Up next for the Anthropologies #22 Food issue we have this essay from Chhaya Kolavalli, who is currently a PhD candidate in anthropology at the University of Kentucky. Her research interests center on the raced and classed impacts of US socioeconomic policy, US cities, and the alternative agrifood movement. Her dissertation research explores the racialization process at the center of food justice work, through investigation into differential understandings of racialized urban space, understandings of hunger and ‘food desertification,’ and racially restrictive urban development. –R.A.
“In faith work, you want your faith to fuel you, personally, and it will shine out in what you do—you won’t have to try to convert anyone. We don’t want to tell people what to believe. But we do want to beg the question, ‘Oh my gosh, why are things going so well for them?—Well, let me tell you! It’s because of the light of the lord. And you know I’ll answer questions if people ask, but I won’t push it. And lots of times people start asking these questions in our garden”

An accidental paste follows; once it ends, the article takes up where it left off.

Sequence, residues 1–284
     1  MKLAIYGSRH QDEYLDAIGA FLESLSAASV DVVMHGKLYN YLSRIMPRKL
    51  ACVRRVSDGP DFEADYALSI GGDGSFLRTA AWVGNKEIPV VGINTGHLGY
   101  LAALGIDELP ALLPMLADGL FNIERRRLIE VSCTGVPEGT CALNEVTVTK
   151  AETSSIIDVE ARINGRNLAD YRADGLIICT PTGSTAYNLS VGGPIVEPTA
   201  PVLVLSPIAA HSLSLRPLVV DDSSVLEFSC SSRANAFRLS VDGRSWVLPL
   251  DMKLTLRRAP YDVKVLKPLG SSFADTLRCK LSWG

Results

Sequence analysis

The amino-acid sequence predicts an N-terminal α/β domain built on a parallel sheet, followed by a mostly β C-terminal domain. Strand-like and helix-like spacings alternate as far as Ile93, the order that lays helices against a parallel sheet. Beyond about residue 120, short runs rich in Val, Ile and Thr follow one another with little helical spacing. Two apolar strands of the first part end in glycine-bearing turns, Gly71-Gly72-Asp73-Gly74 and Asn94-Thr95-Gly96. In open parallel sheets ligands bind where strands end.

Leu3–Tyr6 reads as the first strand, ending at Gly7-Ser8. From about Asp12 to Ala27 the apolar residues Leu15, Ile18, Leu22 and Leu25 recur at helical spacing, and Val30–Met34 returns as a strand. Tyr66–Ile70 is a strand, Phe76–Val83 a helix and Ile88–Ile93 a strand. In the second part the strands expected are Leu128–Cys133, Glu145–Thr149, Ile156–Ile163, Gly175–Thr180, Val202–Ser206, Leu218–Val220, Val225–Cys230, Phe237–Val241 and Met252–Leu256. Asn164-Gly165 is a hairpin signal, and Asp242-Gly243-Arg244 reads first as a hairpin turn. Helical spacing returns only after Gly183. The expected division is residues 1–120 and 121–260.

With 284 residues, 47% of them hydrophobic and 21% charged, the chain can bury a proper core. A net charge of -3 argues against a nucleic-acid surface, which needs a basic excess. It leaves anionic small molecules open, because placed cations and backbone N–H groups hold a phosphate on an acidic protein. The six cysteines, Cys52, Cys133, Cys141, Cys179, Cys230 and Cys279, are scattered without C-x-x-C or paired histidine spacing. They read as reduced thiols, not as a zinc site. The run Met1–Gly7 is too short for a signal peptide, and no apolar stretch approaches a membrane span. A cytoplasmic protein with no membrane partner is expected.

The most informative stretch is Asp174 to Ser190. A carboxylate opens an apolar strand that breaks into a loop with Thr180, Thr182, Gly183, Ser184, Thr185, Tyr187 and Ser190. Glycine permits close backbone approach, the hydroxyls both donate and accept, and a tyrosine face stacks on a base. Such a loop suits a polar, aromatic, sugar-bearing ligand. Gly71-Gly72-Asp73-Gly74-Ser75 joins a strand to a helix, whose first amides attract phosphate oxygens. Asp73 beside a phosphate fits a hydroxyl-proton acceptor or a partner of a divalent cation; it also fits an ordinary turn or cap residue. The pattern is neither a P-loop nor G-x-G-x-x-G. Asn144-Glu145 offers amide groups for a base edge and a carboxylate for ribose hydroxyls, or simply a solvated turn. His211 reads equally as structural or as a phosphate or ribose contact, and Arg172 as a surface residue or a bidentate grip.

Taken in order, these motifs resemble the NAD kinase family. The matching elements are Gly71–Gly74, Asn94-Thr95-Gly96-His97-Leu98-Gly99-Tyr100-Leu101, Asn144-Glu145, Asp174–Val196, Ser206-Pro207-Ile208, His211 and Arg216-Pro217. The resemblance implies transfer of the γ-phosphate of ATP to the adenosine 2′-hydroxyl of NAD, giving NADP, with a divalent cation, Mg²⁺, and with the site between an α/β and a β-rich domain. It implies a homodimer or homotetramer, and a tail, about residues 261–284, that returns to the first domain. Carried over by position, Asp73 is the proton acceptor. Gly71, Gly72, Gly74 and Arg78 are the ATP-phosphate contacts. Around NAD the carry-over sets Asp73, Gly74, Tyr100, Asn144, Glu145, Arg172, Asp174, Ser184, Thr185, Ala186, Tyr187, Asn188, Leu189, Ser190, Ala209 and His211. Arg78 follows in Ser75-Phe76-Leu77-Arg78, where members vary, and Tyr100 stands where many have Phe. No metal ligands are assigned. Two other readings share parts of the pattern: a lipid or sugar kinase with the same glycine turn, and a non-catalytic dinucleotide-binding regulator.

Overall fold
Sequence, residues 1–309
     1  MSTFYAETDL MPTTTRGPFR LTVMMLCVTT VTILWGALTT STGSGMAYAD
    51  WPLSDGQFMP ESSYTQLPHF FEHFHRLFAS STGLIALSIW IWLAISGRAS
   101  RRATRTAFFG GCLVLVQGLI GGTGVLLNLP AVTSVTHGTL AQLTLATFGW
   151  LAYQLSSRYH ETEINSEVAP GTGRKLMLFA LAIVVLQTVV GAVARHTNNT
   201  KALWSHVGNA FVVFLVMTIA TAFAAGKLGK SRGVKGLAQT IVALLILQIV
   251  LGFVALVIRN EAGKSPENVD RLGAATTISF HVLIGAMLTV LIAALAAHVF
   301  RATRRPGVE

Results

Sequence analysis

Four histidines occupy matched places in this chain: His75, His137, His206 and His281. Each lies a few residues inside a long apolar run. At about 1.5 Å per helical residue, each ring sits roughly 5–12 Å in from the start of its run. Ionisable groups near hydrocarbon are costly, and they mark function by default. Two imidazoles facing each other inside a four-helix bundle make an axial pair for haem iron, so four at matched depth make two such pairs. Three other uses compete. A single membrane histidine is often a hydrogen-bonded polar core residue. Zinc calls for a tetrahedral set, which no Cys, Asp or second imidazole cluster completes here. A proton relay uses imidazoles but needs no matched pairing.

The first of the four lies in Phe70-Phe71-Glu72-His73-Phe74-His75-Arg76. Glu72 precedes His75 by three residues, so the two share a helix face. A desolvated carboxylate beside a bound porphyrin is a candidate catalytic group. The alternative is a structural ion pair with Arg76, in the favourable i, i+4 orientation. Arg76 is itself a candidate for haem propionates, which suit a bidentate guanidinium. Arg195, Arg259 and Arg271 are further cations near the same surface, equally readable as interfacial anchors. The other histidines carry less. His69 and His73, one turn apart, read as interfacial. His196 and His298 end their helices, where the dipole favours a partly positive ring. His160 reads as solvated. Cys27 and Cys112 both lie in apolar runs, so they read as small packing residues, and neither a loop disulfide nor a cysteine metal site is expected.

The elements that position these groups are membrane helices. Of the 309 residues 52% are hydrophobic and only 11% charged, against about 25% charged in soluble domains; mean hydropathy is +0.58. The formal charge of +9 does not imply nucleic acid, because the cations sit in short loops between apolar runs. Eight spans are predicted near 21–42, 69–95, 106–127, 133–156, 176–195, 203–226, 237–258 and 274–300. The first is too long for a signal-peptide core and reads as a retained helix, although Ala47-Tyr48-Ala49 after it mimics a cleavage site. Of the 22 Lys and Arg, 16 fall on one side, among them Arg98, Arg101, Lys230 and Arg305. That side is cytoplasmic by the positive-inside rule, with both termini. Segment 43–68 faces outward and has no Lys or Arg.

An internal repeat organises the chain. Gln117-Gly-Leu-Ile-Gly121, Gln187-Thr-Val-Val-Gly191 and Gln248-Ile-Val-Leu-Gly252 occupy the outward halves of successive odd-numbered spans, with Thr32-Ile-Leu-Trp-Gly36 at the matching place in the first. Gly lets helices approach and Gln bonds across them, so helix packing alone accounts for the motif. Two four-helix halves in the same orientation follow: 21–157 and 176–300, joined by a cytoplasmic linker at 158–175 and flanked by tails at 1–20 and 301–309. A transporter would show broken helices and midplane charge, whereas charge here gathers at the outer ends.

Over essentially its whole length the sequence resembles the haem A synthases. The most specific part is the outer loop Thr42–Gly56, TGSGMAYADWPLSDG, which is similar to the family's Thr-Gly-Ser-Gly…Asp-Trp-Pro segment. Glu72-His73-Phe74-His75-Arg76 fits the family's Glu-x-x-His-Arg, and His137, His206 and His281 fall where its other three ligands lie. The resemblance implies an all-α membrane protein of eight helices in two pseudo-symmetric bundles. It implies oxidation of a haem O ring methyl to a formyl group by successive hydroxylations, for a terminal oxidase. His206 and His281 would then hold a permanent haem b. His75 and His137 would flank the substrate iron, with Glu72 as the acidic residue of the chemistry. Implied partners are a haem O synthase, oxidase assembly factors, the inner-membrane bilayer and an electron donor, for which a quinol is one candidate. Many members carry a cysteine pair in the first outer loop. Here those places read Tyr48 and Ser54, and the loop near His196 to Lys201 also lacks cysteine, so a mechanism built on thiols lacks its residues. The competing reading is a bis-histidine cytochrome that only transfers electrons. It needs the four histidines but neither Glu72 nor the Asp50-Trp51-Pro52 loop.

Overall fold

– Carly Smith, co-founder of a Midwestern urban-agriculture centered faith based organization (FBO).
Federal welfare rollback has made nonprofits and faith-based organizations like Carly’s increasingly responsible for urban governance and welfare provision in the United States (Morgen and Maskovsky 2003; Swyngedouw 2005). The 1996 Personal Work and Responsibility Act (PWORA), specifically, ushered in drastic policy changes—PWORA’s “Charitable Choice” provision opened up funding for religious nonprofits, allowing them to retain religious identity while competing for government contracts (Nagel 2006). Concurrent with these policy changes has been the rise of new, youth-led conservative Christian movements—championed by former mega-church attendants, disenchanted with what they see as “consumer Christianity” and outmoded methods of evangelism (Bielo 2011b; Clayborn 2006). Many of these movement participants, largely white, upper-middle class Americans in their 20s and 30s, attempt to enact their faith through simple living and social service—an increasing number are moving to urban areas, staying in Catholic Worker houses, neo-monastic intentional living groups, forming non-profits, and working in service of the urban poor (Bielo 2011a; Bielo 2011b).
A dominant trend among these “new” Christians has been to utilize urban agriculture and community gardening as a means of feeding and creating community with the poor (Carnes 2011; Clayborn 2006; Roberts 2009). The garden, however, is also emblematic of new methods of domestic evangelism (Elisha 2008)—as outlined by Carly, above. For the evangelical urban gardeners involved in this study, the garden served as a site to recruit new church members and to ‘model’ several aspects of their conservative religious ideology—most notably, as I’ll argue, a heteronormative patriarchal family structure and gendered division of labor. Continue reading